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Jerry Greenspan Student Voice of Mental Health Award
The Jerry Greenspan Student Voice of Mental Health Award is an annual award honoring a student who is reducing prejudice around mental illness, raising awareness of mental health issues on campus, and encouraging help-seeking among their peers. It was established in 2008 through a contribution made by Carol Ullman and the late Joseph Greenspan, in memory of their son, Jerry Greenspan.
This award is designed to encourage dialogue about mental health on campuses, reduce prejudice around emotional disorders, and raise visibility of the amazing people who are tackling these issues at schools across the country.
The college student* selected for this award receives:
- A $3,000 cash scholarship
- Recognition on The Jed Foundation’s website
- A trip to New York to attend The Jed Foundation’s Annual Gala to receive the award on June 3rd, 2015
APPLICATION PROCESS IS NOW CLOSED. Thanks to all who applied this year!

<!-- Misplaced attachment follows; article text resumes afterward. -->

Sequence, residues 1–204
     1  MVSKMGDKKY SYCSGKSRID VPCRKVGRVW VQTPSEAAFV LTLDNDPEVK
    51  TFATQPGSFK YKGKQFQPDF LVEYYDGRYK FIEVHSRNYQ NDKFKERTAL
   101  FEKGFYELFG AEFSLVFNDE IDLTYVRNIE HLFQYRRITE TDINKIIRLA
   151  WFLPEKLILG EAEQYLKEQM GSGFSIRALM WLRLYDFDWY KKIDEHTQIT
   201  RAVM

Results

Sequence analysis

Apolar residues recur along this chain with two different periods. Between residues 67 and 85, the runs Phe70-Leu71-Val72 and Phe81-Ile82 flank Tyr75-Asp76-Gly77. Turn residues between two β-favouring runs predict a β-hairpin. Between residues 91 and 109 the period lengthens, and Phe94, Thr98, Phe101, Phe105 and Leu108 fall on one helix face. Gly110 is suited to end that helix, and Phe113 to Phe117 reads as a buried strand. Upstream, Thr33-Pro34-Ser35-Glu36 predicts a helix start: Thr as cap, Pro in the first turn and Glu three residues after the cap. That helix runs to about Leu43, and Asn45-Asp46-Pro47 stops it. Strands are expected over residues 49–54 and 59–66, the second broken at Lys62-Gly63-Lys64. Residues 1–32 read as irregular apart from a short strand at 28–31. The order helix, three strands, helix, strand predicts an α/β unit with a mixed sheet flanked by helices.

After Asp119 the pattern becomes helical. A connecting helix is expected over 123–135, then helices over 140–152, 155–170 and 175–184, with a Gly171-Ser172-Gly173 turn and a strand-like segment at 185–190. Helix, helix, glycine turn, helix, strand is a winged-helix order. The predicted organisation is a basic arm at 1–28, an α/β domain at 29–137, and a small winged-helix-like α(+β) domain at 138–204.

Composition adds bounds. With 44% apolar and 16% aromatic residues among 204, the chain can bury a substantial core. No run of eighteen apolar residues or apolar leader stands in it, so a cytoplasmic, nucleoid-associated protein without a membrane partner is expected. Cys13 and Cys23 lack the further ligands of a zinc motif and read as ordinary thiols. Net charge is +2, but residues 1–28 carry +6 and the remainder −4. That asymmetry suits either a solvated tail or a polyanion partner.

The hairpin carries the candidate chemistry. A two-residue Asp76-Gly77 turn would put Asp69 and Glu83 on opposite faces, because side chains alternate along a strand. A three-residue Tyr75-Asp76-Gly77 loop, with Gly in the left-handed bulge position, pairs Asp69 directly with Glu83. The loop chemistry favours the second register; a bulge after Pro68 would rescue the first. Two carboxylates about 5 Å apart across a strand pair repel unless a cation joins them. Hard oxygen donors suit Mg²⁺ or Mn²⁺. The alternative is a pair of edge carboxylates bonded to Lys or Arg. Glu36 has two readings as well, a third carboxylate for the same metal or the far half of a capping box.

Congratulations to our 2015 honoree!
Sonia Doshi - University of Michigan
Margaret Kramer - University of South Carolina
Michael Kessler - The George Washington University
Lauren Ashley Tipton - Washington and Lee University
Kristen Stefureac - University of North Carolina at Chapel Hill
Jenny Liu - University of California Los Angeles
Adam Taylor - Western Michigan University
The Alive Campaign
Five students from Baylor University bicycle across the country for suicide prevention.
National survey results reveal the importance of being prepared for the emotional challenges of transitioning to college.
Visit SETTOGO.ORG to view the survey results and more.
News & Info
New Effort Around Importance of Suicide Risk Screening »
Suicide Risk Screening Outreach & Resource via EHR Platform
Deal Me In For JED: Poker Event »
Join us on February 23rd with hosts Jamie Gold & Beth Shak for an evening of poker to support mental health
New Partnership To Support Mental Health Of College Students Of Color »
Collaboration to provide a framework for improving support for the mental health of college students of color